Forward osmosis: is China next to shake up the desalination sector?

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After completing installation of its second forward osmosis facility in Oman, Modern Water is now expanding eastwards with an agreement signed in China.

The UK-headquartered company has signed a Framework Agreement with Hangzhou Development Center of Water Treatment Technology (Hangzhou Water), in the People’s Republic of China.

The aim of the partnership will be to jointly identify and develop projects in China, including seawater desalination plants and other water-related opportunities.

In September Modern Water said it had completed commissioning of its 200 cubic metre per day forward osmosis desalination plant at Al Najdah in the Al Wusta region of Oman (see Water & Wastewater International magazine story).

Hangzhou Water is owned by National BlueStar (Group), which is part of the state-owned China National Chemical Corporation. Hangzhou Water specialises in membrane systems for industrial uses such as seawater desalination, industrial pure water preparation and water reuse.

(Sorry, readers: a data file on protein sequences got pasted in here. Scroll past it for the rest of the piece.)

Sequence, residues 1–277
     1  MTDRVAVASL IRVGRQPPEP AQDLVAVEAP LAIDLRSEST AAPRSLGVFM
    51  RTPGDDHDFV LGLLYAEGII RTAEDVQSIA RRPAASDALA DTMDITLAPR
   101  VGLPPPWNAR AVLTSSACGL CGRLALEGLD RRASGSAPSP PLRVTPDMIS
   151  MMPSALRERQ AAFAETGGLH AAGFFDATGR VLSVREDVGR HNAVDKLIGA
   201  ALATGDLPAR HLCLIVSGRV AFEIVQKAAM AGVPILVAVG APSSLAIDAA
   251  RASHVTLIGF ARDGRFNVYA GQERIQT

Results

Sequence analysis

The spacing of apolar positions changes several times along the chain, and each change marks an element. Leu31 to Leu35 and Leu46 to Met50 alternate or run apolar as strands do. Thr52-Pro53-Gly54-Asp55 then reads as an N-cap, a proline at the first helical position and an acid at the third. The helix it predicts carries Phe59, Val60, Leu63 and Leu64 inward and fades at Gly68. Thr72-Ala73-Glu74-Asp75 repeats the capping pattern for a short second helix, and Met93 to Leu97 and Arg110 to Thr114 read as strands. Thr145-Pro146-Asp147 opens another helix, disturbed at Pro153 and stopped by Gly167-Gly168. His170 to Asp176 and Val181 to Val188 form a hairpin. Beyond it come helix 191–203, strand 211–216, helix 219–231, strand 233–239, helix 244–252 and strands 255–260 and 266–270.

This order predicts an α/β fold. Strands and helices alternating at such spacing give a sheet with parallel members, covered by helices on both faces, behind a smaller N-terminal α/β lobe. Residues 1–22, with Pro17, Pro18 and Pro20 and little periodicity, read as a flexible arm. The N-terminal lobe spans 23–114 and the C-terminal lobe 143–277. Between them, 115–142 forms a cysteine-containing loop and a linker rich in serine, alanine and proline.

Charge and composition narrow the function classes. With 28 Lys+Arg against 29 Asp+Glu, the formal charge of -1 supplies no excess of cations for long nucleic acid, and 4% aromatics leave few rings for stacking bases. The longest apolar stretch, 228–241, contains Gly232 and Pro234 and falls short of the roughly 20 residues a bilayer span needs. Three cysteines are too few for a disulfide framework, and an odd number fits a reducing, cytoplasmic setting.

The company owns four mainstream technologies-electro-osmosis (ED), reverse osmosis (RO), ultra-filtration (UF), and microfiltration (MF). It also has production lines for membranes of RO, NF, UF, and MF, and manufactures and sells 23 product lines in five sectors.

Hangzhou Water has won or been involved in approximately 60% of China’s current or planned desalination projects. Hangzhou Water has engineer, procure and construct (EPC) contracts as well membrane manufacturing and fabrication facilities.

Improved membrane materials are now allowing large scale desalination facilities to come online, with the 444,000 m3/day Victoria desalination plant in Melbourne, Australia recently opening for business and the 510,000 m3/day Soreq plant in Israel expected soon (see WWi story).

While RO technology – requiring pressure to force seawater through membranes and leave behind contaminants – is gaining traction and confidence globally, forward osmosis is still in its infancy on a widespread, commercial scale in comparison.

The latter instead requires a draw solution to create a driving force for freshwater to pass through the membrane (see WWi explaining the technology).

Modern Water calls its process Manipulated Osmosis, with the first plant located in Gibraltar supplying water for public consumption from May 2009. The company claims that energy consumption can be up to 30% lower than conventional reverse osmosis.

Last year Modern Water’s Monitoring Technologies division in the country contributed sales of more than £500,000 to the group.

Neil McDougall, executive chairman of Modern Water, said: “Sources estimating the industry in China will see new investment of up to RMB20 billion (US$3.2 billion) over the next four years.”

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